“We want to have a positive impact on people and the planet, and that includes going ‘all in’ to tackle climate change. We’ve made good progress in reducing emissions and have invested EUR 1.5 billion in renewable energy since 2009. We’re now setting a science-based target to keep us on track to build a low carbon, better business.”
Steve Howard, chief sustainability officer, IKEA Group.
“Autodesk developed the Corporate Finance Approach to Climate-Stabilizing Targets (C-FACT), our science based methodology, back in 2009 because we saw many companies setting random greenhouse gas reduction targets. C-FACT is scientifically rigorous, business-friedly, and verifiable. We wanted to develop a rigorous methodology in line with scientific greenhouse gas reduction goals that would enable economic growth, and then make it open source so that other companies with a much larger footprint could replicate and improve upon the methodology.”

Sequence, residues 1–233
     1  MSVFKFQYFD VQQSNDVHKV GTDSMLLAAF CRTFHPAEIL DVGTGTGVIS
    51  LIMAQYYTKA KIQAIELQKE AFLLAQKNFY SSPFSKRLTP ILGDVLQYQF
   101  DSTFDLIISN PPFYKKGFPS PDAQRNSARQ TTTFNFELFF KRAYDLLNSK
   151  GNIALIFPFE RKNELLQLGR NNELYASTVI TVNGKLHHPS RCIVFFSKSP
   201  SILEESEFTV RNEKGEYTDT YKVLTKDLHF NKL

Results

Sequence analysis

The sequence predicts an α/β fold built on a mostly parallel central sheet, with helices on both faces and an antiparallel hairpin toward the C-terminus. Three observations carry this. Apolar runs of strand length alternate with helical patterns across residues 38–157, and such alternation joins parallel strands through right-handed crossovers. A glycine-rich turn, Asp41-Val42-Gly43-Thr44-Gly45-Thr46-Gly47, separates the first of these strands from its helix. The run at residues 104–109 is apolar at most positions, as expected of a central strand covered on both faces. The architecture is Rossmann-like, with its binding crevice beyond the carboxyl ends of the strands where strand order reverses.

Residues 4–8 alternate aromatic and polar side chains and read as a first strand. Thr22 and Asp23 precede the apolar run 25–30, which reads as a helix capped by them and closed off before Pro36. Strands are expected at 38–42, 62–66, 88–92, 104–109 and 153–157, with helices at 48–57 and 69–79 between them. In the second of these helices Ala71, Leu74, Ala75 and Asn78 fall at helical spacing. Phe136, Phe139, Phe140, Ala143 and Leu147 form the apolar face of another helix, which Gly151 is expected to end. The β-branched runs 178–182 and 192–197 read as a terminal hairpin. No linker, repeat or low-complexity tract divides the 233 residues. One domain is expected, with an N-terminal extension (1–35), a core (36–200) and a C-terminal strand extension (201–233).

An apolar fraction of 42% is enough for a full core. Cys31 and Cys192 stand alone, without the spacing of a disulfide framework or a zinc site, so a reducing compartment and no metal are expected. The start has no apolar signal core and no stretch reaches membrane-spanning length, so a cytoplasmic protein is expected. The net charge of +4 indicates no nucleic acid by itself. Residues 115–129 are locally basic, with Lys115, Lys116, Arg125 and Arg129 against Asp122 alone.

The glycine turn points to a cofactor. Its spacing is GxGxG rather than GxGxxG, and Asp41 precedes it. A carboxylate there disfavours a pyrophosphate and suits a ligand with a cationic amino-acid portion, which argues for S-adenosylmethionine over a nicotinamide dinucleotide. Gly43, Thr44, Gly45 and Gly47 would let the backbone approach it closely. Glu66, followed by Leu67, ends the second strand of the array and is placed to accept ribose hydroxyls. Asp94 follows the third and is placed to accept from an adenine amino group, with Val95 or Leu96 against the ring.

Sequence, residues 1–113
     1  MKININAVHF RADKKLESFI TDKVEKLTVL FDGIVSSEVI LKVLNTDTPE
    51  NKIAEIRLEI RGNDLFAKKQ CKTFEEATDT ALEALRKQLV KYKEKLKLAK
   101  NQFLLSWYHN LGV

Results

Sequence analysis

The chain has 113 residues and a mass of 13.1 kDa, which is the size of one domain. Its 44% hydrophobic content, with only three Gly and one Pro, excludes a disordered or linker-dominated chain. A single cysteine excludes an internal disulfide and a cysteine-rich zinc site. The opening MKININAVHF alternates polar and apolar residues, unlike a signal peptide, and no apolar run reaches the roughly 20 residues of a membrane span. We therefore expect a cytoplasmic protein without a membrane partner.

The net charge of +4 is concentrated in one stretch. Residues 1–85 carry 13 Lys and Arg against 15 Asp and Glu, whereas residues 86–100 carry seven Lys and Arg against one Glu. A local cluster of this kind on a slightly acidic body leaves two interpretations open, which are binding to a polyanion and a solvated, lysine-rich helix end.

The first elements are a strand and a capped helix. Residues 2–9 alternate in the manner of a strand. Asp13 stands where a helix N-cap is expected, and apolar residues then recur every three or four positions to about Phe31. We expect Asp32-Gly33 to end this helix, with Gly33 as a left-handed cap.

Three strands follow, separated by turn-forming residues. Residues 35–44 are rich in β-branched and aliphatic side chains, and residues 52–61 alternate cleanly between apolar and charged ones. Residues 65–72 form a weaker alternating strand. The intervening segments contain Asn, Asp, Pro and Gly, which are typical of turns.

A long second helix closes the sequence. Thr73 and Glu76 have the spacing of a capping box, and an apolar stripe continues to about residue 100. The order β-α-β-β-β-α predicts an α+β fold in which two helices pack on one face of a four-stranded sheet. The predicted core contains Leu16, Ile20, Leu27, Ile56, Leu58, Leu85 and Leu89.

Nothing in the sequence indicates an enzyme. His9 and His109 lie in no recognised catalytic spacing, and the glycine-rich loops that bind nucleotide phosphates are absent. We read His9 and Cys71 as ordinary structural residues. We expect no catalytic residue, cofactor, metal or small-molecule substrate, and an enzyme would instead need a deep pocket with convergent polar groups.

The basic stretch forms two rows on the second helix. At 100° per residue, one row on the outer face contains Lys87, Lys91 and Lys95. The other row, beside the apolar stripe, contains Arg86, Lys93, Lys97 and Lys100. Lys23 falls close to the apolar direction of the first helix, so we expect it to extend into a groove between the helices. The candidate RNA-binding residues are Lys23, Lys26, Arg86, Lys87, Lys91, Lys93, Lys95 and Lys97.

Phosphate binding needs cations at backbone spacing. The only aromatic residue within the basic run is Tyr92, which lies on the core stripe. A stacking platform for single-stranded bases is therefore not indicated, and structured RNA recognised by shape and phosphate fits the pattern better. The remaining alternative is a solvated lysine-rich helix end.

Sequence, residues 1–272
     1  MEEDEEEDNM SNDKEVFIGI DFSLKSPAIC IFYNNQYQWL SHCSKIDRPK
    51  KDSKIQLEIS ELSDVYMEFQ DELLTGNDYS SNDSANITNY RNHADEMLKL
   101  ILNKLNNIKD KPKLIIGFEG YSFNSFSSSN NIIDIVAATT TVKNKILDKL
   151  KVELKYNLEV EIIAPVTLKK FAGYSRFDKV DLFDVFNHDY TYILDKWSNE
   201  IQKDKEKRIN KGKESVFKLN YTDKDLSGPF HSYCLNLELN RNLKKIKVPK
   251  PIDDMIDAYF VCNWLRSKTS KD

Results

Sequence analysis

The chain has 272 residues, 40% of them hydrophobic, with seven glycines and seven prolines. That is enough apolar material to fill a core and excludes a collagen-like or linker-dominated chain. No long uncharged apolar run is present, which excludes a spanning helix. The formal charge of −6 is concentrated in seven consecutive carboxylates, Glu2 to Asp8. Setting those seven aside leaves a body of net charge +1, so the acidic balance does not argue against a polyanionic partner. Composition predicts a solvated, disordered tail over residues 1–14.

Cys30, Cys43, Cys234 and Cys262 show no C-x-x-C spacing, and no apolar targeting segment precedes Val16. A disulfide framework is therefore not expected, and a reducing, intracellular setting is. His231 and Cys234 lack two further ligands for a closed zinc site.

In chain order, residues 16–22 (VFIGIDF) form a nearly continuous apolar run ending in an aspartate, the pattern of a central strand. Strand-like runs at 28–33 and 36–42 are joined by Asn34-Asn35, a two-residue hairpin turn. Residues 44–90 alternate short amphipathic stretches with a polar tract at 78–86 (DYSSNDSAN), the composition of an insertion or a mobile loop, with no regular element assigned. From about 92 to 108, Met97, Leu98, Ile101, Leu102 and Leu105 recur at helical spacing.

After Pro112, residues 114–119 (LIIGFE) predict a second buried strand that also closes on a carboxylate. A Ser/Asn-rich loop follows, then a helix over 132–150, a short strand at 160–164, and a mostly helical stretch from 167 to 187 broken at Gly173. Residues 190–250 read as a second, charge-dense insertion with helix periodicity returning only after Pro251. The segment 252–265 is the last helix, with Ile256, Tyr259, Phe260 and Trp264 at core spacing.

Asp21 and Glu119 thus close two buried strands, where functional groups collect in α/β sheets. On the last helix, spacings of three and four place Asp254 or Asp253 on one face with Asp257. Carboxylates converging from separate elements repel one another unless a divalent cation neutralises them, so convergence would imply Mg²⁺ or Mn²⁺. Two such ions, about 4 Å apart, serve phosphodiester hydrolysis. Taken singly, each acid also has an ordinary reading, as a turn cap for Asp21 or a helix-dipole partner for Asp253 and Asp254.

“Ambitious greenhouse gas reduction goals help our teams rally around low-carbon innovation. Of course knowing that our goals are backed by the current climate research increases buy-in and commitment at all levels of the company.”
Alexandra Palt, Chief Sustainability Officer, L’Oreal.
“At BT, we wanted to identify the path that achieved both sufficient carbon reduction to avert catastrophic climate change and allowed for economic prosperity. We think we did that with our climate stabilization target and are showing that climate stabilization and business growth can go hand in hand.”
Gabrielle Ginér, Program Manager for Environmental Sustainability, BT. “